Background: Intravenous lipid emulsion (ILE) has been broadly attempted in the resuscitation of neurologic and cardiac toxic drug overdoses, however, the role of ILE in the emergency department is poorly defined.
Objective: This review aims to identify recent literature on the use of ILE in humans as an antidote and to familiarize emergency providers with the indications, availability, dosing recommendations, and adverse reactions associated with ILE use.
Methods: A systemic literature search of MEDLINE, EMBASE, and major toxicology conference abstracts was performed for human cases using ILE as an antidote with documented clinical outcomes through January 2014.
Results: Ninety-four published articles and 40 conference abstracts were identified, 85% of which had positive outcomes. The most common indication for ILE was for local anesthetic systemic toxicity (LAST). The most common nonlocal anesthetic xenobiotics were tricyclic-antidepressants and verapamil.
Discussion: No standard of care is defined for the use of ILE, although the American Heart Association recommends use in LAST, and the American College of Medical Toxicology recommends consideration for circumstances of hemodynamic instability resultant from lipid-soluble xenobiotics. ILE should be administered per American Society of Regional Anesthesia and Pain Medicine dosing recommendations. Laboratory interference, pancreatitis, respiratory distress syndrome, and interference with vasopressors should be considered as risks but are uncommon.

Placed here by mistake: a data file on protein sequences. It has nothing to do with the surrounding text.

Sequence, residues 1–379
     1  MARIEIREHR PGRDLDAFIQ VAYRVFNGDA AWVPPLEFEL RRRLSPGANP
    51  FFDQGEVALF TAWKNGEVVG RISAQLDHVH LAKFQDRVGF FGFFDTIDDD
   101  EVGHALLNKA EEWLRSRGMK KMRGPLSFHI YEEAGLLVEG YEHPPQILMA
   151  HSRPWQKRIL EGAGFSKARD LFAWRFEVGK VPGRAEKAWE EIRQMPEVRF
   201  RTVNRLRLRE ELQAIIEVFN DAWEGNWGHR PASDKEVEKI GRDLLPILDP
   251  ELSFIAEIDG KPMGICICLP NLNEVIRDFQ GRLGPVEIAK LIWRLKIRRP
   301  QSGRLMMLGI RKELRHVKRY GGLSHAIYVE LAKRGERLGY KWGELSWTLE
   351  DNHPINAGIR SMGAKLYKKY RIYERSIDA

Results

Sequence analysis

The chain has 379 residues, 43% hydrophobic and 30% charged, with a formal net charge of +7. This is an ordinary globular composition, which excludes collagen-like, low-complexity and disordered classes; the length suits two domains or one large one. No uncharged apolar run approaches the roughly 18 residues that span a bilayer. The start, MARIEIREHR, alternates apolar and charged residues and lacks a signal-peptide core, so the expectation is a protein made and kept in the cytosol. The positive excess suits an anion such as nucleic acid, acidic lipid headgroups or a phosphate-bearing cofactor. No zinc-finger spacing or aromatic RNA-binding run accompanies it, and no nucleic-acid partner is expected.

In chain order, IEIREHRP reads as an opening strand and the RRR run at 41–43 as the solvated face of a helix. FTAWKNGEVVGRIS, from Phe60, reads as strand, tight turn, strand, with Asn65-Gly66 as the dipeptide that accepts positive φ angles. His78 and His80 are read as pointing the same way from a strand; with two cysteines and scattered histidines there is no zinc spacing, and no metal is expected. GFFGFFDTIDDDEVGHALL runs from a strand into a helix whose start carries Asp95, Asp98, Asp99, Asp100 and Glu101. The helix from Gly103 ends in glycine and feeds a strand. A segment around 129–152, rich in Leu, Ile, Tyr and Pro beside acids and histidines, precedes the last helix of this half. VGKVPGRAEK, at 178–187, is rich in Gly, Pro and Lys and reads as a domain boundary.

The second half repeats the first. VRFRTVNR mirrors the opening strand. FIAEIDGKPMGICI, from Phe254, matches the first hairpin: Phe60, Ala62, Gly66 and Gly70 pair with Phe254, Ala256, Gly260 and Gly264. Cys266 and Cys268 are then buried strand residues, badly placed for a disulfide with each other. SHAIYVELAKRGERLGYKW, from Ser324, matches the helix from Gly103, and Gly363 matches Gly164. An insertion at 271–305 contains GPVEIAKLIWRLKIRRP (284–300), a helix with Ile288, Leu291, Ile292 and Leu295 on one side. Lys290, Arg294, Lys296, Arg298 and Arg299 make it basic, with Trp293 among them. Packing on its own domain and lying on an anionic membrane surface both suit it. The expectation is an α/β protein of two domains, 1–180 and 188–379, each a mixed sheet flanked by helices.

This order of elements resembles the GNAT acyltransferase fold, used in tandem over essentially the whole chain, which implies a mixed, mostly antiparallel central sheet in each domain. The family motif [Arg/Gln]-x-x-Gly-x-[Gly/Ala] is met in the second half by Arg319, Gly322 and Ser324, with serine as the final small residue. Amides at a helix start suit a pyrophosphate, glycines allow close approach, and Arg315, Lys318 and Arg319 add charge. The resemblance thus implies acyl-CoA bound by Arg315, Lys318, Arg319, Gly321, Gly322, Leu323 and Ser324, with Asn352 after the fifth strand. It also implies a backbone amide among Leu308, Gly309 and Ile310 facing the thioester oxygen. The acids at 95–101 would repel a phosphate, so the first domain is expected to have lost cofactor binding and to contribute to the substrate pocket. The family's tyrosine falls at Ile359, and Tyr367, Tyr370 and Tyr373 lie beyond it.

Conclusions: In the setting of severe hemodynamic compromise by lipid-soluble xenobiotics, ILE may be considered for resuscitation by emergency physicians. As such, ILE may be stocked in emergency departments in close proximity to resuscitation rooms and areas where local nerve blocks are performed.
Keywords: Lipid emulsion; lipid solubility; overdose; resuscitation.
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